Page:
Federal child pornography charges are some of the hardest cases to defend. People who are charged, or under investigation, for possessing, receiving, or distributing child pornography are often deeply embarrassed by their situation. It is incredibly difficult to have this very private part of you so publicly exposed.
In our experience, the vast majority of people who are charged in these kinds of cases pose little or no danger to children. They are often people who have been in a very hard place in their lives and turned to the internet as a means of escape. Eventually, at some point, that internet habit took a turn. That doesn’t make the conduct legal, but it is an important framework to understand with these kinds of cases.
Understanding what has happened in a person’s life that led to these charges is an essential part of representing someone well in a child pornography charge.
One of the hardest parts of these cases is showing that just because someone looked at, or received, these images, doesn’t put them in the same category as someone who produced them, or made money distributing them.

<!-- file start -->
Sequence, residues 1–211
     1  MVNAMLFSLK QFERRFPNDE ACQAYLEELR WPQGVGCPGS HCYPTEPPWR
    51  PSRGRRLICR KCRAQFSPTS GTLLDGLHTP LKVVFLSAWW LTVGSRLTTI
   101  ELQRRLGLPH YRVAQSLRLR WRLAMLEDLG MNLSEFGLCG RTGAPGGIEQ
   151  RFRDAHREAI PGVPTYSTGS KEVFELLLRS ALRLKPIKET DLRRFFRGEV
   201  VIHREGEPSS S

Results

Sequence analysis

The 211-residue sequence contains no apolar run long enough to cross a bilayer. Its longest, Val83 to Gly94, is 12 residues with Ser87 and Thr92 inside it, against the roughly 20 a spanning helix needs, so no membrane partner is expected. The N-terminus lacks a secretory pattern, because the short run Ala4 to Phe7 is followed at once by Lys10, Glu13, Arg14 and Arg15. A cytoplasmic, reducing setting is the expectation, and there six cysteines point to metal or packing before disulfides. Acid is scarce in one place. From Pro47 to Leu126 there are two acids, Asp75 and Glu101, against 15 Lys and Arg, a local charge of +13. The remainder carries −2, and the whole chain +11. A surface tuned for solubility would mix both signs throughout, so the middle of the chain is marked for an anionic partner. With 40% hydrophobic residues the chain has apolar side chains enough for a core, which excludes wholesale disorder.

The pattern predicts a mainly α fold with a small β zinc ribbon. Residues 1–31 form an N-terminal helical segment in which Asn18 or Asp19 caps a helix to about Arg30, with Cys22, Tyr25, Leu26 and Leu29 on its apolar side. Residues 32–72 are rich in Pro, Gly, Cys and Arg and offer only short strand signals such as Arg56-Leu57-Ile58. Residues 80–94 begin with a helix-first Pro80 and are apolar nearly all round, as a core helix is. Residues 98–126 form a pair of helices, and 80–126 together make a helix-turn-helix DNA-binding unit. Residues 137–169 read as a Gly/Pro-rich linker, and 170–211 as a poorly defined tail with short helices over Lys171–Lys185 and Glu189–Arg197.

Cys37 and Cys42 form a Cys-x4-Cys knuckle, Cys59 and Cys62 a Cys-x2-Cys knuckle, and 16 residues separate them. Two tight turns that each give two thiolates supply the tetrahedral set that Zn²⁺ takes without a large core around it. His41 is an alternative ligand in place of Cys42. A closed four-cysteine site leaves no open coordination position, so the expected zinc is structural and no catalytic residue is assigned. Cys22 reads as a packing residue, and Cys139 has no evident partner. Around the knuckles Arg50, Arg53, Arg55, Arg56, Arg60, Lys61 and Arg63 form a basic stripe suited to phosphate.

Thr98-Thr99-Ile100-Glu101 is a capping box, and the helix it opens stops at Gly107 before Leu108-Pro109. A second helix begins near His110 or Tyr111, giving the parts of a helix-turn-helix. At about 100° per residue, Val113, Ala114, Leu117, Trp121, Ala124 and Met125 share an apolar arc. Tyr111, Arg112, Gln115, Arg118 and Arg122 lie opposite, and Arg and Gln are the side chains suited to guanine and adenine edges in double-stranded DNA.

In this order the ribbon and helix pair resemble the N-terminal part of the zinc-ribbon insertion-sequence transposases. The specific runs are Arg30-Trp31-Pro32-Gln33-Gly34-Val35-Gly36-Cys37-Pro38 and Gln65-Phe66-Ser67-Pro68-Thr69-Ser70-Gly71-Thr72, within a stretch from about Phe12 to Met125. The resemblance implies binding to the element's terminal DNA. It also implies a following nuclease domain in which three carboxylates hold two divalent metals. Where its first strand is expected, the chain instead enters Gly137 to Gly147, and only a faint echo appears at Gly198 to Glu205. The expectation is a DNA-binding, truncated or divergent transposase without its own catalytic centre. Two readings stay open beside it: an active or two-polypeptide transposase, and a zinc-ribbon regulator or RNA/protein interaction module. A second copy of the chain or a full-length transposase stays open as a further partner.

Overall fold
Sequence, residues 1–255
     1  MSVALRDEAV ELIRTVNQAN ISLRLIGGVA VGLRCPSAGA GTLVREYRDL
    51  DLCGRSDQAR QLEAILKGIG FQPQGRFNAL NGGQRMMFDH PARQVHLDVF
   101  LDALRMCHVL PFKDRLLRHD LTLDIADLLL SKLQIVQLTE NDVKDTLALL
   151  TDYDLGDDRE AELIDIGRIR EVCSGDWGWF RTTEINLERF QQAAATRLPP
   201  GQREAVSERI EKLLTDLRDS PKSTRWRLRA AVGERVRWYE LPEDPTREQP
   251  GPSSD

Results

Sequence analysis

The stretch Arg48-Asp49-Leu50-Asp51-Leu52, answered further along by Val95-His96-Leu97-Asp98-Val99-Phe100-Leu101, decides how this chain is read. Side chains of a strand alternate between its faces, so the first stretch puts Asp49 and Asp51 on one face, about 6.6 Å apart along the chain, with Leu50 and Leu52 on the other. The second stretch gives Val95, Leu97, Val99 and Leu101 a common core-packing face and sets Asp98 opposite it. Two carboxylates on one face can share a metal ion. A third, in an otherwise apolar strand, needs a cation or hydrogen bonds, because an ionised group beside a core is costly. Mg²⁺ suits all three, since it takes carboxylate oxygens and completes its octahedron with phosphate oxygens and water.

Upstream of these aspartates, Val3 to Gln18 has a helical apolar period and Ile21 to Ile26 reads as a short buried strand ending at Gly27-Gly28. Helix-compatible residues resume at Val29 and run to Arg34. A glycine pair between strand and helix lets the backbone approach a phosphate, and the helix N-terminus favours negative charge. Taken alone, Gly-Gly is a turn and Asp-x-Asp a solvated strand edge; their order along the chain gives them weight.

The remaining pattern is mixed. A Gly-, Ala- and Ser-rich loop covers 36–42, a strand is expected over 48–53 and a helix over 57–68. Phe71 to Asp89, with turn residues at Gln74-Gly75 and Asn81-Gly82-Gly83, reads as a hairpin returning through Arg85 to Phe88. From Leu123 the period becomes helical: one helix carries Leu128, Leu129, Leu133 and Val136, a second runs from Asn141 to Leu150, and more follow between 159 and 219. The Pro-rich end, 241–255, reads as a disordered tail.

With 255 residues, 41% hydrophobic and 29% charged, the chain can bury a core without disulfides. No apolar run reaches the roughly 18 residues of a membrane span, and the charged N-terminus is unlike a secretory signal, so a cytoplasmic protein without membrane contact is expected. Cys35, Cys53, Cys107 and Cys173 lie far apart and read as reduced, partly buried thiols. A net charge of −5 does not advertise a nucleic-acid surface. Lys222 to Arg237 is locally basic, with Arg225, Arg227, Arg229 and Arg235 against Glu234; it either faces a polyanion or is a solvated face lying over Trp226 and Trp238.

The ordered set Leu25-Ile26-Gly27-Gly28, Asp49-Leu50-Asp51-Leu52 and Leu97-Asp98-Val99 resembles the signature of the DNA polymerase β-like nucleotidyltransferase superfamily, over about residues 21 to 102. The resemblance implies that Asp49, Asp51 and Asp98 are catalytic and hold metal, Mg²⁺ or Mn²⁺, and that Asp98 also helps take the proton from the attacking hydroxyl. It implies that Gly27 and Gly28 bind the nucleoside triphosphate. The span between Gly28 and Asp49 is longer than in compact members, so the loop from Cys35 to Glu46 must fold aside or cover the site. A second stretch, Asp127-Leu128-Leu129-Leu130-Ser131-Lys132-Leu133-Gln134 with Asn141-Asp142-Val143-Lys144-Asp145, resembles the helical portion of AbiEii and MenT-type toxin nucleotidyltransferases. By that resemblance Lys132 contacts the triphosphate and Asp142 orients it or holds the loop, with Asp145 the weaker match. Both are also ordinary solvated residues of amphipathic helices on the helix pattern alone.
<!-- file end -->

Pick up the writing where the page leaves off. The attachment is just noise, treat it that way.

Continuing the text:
Many of our clients in these cases are highly skilled, educated, and successful people. They are the kinds of people who expect a lot of themselves and of their lives. Telling the story of how someone can have such a public face of success, but have a private life that can be different, is one of the most important tasks in representing someone on federal child pornography charges.
Unfortunately, the government is ratcheting up the sentences on people who possess, distribute, or produce child pornography. Many child pornography offenses carry a mandatory minimum sentence which requires that you spend years in prison if convicted. Furthermore, sex offender registration requirements can follow you for the rest of your life.
Child pornography cases are very challenging; the government generally only brings them if they have forensic evidence linking a computer to a person and the computer to a server which was distributing child pornography.
There can be draconian statutory penalties for federal child pornography charges. Being convicted of receipt of child pornography, for example, or distribution, carries a five-year mandatory minimum prison term.